The Paroikos Bible Blog exists as a resource to those interested in Biblical studies and Koine Greek. It is hoped that this blog will simultaneously provide food-for-thought to the reader while pointing him or her in the direction of valuable resources, both in print and on the internet, that will further help his or her studies in the Word.

Jun 8, 2023

Another article on "saved through childbearing"!!? (R. Gregory Jenks in the latest JETS)

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This will be my last blog entry before my marriage and honeymoon (so, for anybody attempting to post a comment, I won't be able to moderate it for a while), but I noted with interest the latest issue of the Journal of the Evangelical Theological Society 66, no. 1 (March 2023). R. Gergory Jenks' article "Eve as Savior of Humanity? From the Genesis Narrative to Paul's Comments on Childbearing in 1 Timothy 2:15" adds to a constantly growing list of articles dealing with this crux interpretum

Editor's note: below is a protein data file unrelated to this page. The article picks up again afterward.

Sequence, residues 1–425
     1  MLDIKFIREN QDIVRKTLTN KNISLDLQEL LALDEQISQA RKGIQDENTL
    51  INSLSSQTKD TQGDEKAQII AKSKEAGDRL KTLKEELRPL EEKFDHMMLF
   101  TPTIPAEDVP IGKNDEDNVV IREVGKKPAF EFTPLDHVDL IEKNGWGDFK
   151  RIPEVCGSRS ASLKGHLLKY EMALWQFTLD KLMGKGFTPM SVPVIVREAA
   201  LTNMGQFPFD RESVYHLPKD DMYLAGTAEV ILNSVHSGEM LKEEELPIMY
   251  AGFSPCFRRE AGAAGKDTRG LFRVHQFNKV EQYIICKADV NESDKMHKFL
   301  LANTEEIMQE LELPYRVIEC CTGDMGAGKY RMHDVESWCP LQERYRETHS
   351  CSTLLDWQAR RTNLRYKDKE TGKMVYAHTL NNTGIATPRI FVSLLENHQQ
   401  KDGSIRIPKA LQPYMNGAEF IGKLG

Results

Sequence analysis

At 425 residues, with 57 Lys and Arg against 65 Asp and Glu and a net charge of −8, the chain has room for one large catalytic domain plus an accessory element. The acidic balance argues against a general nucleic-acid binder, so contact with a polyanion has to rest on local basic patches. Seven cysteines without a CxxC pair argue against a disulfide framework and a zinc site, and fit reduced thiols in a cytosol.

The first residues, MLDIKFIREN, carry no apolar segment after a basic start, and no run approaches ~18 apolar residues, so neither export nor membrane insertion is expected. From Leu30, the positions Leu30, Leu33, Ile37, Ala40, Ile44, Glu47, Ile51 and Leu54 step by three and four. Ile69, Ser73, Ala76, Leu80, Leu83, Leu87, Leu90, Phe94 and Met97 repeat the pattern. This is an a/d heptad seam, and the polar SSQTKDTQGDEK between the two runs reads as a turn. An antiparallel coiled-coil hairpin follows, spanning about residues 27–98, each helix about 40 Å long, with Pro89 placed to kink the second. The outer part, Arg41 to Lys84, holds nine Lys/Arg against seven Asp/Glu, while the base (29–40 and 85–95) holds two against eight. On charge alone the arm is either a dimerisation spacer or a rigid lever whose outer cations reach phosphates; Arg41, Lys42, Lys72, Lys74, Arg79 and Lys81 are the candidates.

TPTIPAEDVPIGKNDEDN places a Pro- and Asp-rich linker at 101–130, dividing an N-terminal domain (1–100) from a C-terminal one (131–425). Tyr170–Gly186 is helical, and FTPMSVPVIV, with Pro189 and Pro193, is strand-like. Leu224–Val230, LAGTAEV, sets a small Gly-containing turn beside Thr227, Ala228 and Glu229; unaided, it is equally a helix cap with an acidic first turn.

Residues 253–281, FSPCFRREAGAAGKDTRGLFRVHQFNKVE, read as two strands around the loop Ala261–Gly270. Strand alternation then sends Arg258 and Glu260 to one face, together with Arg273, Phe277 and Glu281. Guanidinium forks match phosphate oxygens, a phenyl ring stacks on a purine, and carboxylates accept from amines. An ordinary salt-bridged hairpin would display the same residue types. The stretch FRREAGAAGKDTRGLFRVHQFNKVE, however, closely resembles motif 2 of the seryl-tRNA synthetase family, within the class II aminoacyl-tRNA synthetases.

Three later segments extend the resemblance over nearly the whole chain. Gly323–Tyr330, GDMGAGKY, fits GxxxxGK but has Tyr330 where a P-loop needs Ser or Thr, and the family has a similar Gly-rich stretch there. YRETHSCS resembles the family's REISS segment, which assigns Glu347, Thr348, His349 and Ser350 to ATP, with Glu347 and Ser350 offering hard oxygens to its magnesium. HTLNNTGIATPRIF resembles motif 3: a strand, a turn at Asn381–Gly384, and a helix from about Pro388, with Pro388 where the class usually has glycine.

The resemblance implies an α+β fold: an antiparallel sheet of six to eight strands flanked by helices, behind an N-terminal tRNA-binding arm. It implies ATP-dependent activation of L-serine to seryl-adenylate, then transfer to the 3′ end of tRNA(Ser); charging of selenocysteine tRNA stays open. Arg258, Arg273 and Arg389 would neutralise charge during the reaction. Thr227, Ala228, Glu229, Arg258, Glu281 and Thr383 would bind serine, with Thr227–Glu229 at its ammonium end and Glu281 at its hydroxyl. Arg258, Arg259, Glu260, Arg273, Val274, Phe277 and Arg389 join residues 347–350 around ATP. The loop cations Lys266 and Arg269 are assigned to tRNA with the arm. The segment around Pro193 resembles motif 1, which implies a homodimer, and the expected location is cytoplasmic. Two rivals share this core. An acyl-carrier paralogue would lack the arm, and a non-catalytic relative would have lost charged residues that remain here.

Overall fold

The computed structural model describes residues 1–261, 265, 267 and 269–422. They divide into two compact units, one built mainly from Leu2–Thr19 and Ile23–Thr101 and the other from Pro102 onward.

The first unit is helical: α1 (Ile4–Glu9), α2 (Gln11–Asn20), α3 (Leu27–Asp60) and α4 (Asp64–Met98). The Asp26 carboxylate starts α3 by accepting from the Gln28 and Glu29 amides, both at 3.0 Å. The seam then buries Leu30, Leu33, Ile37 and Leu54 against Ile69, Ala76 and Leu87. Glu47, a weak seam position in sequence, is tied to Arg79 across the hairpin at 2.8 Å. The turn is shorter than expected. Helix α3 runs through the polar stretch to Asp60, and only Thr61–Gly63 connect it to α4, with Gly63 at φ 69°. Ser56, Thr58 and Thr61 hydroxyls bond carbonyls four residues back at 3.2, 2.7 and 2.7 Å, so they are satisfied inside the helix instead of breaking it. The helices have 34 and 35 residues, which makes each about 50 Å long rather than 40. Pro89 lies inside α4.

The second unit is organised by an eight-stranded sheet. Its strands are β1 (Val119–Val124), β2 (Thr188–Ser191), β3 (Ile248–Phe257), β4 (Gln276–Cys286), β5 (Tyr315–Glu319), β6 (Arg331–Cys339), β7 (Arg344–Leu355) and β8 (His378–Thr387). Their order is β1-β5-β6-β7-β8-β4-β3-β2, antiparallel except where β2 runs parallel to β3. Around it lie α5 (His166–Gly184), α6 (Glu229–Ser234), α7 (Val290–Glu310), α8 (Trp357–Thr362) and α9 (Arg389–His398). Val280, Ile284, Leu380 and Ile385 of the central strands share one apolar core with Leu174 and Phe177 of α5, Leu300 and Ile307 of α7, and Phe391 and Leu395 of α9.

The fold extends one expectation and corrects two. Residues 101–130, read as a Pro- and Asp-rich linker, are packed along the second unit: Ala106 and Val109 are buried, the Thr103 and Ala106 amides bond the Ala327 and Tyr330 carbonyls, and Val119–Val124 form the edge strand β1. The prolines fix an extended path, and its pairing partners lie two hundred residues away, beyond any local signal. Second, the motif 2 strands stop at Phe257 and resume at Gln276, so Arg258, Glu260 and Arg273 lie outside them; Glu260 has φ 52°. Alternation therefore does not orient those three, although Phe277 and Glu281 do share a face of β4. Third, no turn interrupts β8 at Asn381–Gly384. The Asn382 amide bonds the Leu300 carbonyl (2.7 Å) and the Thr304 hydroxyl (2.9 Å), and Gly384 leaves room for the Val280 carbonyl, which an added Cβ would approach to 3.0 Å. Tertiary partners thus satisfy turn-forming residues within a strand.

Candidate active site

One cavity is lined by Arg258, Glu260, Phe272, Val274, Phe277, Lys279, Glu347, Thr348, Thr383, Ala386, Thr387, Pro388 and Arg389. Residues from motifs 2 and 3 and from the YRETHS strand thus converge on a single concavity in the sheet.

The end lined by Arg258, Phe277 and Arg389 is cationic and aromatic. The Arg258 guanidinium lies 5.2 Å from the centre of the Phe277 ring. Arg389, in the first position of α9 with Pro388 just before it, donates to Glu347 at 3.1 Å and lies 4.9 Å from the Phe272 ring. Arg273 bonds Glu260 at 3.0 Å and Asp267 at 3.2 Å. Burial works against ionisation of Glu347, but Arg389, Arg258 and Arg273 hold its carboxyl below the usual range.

Jenks' basic premise is that the 3rd person pronoun derived from sōthēsetai should not be translated "she" as most translations have it, but rather "he," in reference to Adam (and thus all of humanity), and the "they" refers to both Adam and Eve. Thus, Jenks writes, "Humanity is saved from extinction through the woman's role of mother with the condition that the couple, that is, men and women in the church, maintain the godly attributes listed."

The benefits of Jenks' article is that it avoids the knotty, and greatly understated, problem of having the Apostle Paul promote a works-salvation based on a lifestyle that is not even meant for every woman (1 Cor 7:8, 25–40), even if it is more of a "eschatological-judgment-salvation," or whatever. More on this below (see especially Knight's apropos quote). Also, Jenks does well to dig deep in the OT background here (as does Andrew Spurgeon's article back in 2013).